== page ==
User Experience

UX, ethnography and possibilities: for Libraries, Museums and Archives

I spoke about UX last week at a Welsh Government event in Aberystwyth, the annual Marketing Awards for the Library, Archive and Museum sector. It was a rare chance to talk to an audience not just of information professionals, and I had a great time. I'm really hoping some of the User Experience in Libraries movement now spills over into museums and archives too...

My presentation consisted of an introduction to UX, examples of 7 ethnographic techniques, a brief section of user centred design, and then several instances of UX-led changes - things people have done to tweak or change their services, based on ethnographic fieldwork. For this part thanks to Andy Priestner, Jenny Foster, Ingela Wahlgren and Carl Barrow for their examples, and it also has in it a bunch of things we've done at my own place of work. The final section consists of some next steps, for those wishing to dip a toe in the UX waters at their own institution.

I had several interesting conversations after my talk, with some people who were already doing UX (we agreed it can really energise the workplace) and some people who wanted to try it out. Two completely independent and unrelated chats with people from the museum sector were about using UX with people in difficult situations - one was around early onset dementia, and the other was about returning to work after periods of incarceration. I don't know if ethnography is already used in these settings but it sounded potentially fascinating, and an angle to this work I'd never considered.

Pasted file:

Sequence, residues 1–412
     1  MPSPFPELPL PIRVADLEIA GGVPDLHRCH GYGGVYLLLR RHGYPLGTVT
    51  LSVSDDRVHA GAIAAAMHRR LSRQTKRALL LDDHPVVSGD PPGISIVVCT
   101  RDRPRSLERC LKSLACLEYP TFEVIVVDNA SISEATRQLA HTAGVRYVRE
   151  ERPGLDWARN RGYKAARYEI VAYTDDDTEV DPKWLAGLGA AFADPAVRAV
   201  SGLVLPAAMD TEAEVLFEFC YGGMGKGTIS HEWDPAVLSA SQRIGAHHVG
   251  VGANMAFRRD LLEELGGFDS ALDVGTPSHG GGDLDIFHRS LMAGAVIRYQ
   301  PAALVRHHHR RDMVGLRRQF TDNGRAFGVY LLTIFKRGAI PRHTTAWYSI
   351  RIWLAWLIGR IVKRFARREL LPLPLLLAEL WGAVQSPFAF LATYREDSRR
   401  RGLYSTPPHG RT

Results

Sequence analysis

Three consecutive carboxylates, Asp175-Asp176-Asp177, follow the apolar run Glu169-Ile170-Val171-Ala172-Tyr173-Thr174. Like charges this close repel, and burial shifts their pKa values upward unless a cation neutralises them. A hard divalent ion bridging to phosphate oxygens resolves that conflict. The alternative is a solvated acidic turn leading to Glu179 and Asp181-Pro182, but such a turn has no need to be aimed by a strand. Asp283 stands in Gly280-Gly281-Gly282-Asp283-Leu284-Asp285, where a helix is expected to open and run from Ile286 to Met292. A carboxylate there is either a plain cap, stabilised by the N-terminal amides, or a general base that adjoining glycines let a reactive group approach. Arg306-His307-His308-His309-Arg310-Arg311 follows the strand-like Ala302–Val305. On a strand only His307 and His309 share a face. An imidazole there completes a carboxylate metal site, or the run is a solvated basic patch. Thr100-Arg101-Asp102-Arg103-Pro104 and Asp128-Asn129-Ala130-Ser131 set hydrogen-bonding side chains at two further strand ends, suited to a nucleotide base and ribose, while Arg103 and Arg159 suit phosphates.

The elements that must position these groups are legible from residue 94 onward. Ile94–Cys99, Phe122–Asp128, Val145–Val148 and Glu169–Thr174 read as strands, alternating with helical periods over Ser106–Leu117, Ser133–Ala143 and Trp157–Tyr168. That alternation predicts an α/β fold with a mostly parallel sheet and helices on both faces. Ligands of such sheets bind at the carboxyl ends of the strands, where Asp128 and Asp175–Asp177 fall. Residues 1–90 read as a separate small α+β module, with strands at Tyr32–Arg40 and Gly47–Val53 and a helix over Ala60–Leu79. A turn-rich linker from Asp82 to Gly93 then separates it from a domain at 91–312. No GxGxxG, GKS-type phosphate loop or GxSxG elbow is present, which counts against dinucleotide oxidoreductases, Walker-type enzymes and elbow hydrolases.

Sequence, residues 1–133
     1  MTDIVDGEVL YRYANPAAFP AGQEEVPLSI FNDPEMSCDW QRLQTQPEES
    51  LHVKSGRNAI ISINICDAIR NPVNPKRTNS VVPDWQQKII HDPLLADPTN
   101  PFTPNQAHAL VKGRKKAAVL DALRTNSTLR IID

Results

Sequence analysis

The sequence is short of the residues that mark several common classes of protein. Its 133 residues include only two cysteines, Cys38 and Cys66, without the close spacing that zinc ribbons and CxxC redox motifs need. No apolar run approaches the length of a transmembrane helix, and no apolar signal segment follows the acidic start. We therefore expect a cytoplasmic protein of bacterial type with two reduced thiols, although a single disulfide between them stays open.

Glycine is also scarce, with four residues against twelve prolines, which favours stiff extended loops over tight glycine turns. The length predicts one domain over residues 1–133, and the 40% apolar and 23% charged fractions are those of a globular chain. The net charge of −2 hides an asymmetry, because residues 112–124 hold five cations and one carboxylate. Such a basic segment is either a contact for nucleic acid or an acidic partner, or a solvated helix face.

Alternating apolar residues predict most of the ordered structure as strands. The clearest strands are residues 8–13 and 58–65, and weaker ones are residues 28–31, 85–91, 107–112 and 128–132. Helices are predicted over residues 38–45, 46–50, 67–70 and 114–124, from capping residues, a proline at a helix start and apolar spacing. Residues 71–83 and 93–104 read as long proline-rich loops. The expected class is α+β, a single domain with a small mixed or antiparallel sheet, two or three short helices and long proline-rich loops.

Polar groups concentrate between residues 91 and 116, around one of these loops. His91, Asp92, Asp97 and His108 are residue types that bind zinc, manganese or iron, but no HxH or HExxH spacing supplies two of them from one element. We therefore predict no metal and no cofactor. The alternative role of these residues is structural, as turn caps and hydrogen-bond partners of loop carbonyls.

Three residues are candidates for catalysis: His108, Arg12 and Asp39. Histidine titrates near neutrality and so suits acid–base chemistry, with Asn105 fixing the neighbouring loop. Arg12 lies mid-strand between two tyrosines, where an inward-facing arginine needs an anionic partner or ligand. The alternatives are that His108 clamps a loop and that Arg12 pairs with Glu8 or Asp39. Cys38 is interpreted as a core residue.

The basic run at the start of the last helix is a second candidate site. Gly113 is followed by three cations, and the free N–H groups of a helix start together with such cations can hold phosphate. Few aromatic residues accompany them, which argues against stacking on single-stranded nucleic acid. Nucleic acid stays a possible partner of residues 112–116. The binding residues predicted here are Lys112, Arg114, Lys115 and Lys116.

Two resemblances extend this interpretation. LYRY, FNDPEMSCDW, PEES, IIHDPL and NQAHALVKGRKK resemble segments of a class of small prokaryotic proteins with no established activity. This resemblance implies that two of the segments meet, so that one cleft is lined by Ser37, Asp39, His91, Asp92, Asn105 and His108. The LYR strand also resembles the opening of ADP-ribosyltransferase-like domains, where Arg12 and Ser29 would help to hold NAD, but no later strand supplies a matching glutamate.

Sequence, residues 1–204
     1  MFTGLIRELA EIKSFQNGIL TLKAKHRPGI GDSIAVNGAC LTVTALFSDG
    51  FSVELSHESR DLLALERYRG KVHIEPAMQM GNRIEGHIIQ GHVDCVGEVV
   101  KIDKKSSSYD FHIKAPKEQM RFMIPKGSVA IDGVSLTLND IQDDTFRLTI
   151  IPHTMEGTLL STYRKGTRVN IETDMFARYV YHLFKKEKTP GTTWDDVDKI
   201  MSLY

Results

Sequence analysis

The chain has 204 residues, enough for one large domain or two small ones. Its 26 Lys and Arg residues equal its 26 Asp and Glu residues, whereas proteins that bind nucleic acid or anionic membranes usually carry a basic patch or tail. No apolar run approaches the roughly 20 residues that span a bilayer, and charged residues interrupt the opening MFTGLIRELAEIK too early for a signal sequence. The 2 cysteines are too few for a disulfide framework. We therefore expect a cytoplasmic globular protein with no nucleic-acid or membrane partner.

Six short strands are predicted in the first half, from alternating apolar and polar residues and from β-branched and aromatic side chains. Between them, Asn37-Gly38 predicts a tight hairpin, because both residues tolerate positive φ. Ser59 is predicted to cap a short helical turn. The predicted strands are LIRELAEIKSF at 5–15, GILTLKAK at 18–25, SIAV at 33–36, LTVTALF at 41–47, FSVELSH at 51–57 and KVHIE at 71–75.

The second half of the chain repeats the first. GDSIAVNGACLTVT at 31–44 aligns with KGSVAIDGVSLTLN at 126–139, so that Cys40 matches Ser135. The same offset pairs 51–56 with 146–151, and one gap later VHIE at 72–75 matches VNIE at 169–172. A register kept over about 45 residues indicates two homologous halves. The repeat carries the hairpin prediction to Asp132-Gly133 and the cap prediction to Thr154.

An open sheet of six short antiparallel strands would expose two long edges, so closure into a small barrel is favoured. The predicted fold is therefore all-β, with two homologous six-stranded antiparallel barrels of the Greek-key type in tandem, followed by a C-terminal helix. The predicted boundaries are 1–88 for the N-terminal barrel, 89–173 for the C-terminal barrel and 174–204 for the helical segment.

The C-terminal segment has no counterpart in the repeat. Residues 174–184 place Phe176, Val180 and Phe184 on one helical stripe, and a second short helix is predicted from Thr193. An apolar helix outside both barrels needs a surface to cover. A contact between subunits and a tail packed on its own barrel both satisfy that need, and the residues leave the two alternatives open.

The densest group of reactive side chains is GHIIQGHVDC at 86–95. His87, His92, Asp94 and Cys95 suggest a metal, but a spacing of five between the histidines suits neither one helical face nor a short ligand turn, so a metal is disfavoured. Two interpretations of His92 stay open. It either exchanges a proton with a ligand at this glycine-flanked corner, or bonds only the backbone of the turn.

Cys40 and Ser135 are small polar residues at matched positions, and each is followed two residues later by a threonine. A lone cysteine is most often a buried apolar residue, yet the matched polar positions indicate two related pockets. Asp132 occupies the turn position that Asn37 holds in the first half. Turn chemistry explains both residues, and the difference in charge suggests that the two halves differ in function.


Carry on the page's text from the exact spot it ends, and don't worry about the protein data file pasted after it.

There was also an absolutely brilliant presentation from Mari Stevens, who is Director of Marketing - Tourism and Business, at the Welsh Government (having started off in the library sector). Her slides were ace and she was a hugely impressive speaker. The scope and scale and ambition of her marketing plans for the country I found absolutely inspiring. The presentation was half in English and half in Welsh with live translation into ear pieces for those like me who needed them - the translator did a pretty amazing job too.

It was great to see the National Library of Wales, which towers over the town like, as Penny Andrews put it, a massive BOOK FORTRESS.

Huge thanks to Jane Purdie for inviting me to Wales (we've been trying to sort this out since 2015 so it was lovely to finally make it happen) and to everyone at the event for being so welcoming and asking insightful questions, and for giving me lots of ideas for good marketing practice to take away with me... And if you DO start doing UX at your institution, please get in touch to let me know how it goes!

UXLibs II: This Time It's Political

At 9am on Day 2 of the UXLibs II conference, 154 information professionals sat in a large room feeling collectively desolate. I don’t want to be glib or melodramatic but the feeling of communal sadness at what had happened in the EU Referendum overnight felt to me akin to grief, like someone close to the conference had actually died the night before.

Was there anyone present who voted Leave? Possibly. But it seemed everyone was devastated. There were tears. UXLibs is, as Library Conferences go, relatively diverse (although it's still something we need to work on), not least because well over a third of the delegates - 60 this time around - are from outside England. Our North American and Singaporean friends felt our pain, our European friends were sad our country had chosen to leave them, and for the Brits it was already clear what an omnishambles the vote had caused.